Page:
Haneda sanpo! (Walking to Haneda Airport) 羽田空港への散歩

Can I walk to Haneda airport? Please read on for an account of a late-night sanpo / sampo 散歩…

1.  The road more traveled

In Edo-period Japan the Tōkaidō 東海道 road linked the shōgun’s capital, Edo (modern-day Tokyo), with the emperor’s capital, Kyoto, allowing the shogun to maintain administrative control over Japan.

Shinagawa, the first stage of the Tōkaidō after leaving Edo

The 303-mile (488 km) coastal road was dotted with 53 government-sanctioned post stations that supplied food and lodging for travelers; known as shukuba 宿場 or shukueki 宿駅, the stations or “stages” have reached popular imagination through The Fifty-Three Stations of the Tōkaidō 東海道五十三次, a series of ukiyo-e woodcut prints created by Utagawa Hiroshige 歌川 広重 circa 1830’s.  The Tokaido was used for the transport of letters and lightweight goods, travel, and military use.

The Tokaido is generally not used for walking to Haneda Airport 羽田空港.

2.  The road less traveled

Narita Airport, the primary international airport for Tokyo, lies 43 miles east of Tokyo (Tokyo Station).  Haneda Airport, on the other hand, is a mere 13 miles away.  Although public transit to Narita is good, it takes about 1 1/2 hours (maybe 2 hours if you miss the express train).  Haneda, on the other hand, is frequently served by the Tokyo Monorail 東京モノレール that runs from Hamamatsucho Station 浜松町駅.  Naturally I was excited when my recent flight was scheduled to depart from Haneda.  Days before my flight, a coworker mentioned he was flying out of Haneda; he noted that the cab fare from his apartment in Kamiyacho to Haneda is about 6000 yen, or $75.  What a sucker.  I thought to myself.  I’ll just take the train.

The night before my flight I’m packing and watching hulu and going over some last minute logistics,  leading me to reconsider my getting-to-the-airport plan.  The flight’s at 6:10 a.m. and I’m obsessed with getting to the airport 2 hours in advance, which means 4:10, but I’ll cut myself some slack and go with 4:30.  Guess what, genius, the first train leaves Hamamatsucho at 4:58 a.m.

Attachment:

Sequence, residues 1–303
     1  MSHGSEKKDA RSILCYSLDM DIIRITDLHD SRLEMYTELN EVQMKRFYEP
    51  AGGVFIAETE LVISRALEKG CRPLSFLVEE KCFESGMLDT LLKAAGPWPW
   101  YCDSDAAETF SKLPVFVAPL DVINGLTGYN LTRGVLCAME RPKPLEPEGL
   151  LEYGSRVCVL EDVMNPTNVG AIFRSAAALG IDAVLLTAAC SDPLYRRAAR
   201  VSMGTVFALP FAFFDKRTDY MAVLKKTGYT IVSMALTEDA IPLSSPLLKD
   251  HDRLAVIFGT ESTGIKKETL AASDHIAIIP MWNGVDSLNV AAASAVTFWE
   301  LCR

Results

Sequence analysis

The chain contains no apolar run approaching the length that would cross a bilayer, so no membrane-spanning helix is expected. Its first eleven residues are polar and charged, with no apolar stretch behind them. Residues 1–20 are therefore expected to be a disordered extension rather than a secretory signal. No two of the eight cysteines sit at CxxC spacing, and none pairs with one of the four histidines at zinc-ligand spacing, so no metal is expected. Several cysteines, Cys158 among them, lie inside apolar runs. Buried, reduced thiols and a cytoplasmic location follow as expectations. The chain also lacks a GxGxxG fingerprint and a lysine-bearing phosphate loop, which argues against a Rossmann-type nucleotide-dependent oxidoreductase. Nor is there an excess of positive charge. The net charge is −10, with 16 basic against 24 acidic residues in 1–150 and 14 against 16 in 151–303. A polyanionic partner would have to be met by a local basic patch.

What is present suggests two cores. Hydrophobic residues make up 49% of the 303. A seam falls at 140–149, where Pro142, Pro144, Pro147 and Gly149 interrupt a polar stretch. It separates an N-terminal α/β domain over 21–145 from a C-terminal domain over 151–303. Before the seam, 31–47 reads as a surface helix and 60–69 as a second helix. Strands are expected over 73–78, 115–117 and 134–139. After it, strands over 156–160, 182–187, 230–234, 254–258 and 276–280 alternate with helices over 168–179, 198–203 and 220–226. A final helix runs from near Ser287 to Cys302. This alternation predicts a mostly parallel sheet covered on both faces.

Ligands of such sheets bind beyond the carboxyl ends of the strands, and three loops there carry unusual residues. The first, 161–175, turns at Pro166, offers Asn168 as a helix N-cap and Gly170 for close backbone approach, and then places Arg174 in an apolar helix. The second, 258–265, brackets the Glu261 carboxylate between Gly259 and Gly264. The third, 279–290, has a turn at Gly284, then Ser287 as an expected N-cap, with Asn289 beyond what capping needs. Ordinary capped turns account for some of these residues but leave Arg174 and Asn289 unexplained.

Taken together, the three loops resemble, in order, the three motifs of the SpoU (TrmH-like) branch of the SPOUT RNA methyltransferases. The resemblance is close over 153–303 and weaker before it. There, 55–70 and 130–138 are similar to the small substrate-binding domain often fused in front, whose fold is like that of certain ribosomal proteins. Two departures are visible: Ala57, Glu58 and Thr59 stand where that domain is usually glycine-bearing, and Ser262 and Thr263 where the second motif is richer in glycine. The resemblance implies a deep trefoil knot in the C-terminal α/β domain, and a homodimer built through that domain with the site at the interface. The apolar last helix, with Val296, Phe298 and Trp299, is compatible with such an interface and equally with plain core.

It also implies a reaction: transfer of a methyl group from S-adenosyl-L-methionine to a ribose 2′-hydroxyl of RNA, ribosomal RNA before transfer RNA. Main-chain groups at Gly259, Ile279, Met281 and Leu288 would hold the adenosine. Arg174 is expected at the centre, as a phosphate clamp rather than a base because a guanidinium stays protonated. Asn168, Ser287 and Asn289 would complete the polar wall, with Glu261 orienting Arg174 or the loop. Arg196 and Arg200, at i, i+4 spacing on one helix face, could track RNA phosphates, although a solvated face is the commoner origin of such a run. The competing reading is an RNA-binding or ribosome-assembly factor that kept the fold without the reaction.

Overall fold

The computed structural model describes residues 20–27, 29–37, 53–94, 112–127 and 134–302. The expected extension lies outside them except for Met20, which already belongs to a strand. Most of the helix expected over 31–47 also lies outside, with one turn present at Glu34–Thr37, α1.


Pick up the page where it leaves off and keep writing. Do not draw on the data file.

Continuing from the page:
It’s now 11:30 p.m. and I’m not packed, so I won’t have time to catch the last train and stay at Haneda overnight, which is common for early flights.  And I certainly don’t want to pay $75 bucks for a taxi because even though I’ll gladly spend that on beer I still can’t stomach that much for a cab.  So I decide on the only sensible course of action…go by foot. Aruite!  歩いて!

It is fortunate to love a hobby as inexpensive and creative as walking; among the great joys is forming a connection between two previously unrelated places: my apartment and Haneda Airport – in between lies a tangle of roads and question marks…does anything even exist south of Shinagawa?  And then there is the joy of unexpected discovery...

Numbers such as (1) refer to references on the attached Google Map:

3.  What you see when nobody is watching

Leaving my apartment at 1:30 a.m. I have almost 11 miles to cover, which should take less than 3 hours if I keep a steady pace.  From Shibakoen 芝公園 (0) it’s a straight shot above the Mita Line to Tamachi Station (1), a giant of the Yamanote circuit rendered powerless by the early morning calm.  I pass through the empty station and onto the man-made islands of Shibaura 芝浦 3-chome and 4-chome.  So far I’m in familiar territory, but crossing into Kōnan 港南 1- chome the houses and restaurants give way to the massive Shibaura Water Reclamation Center 芝浦水再生センター (2).

Bored by the wide road I hop onto the pedestrian path that runs along the channel separating Kōnan 4-chome from the mainland.  This route has much to offer: the quiet lapping of water, the beautiful TY Harbor Bridge (3) and a pair of high school girls drinking beer on a park bench.  But soon enough I’m back on the dull main road in Higashishinagawa and realize I still have 8 miles to go.

And that’s when I traveled through time.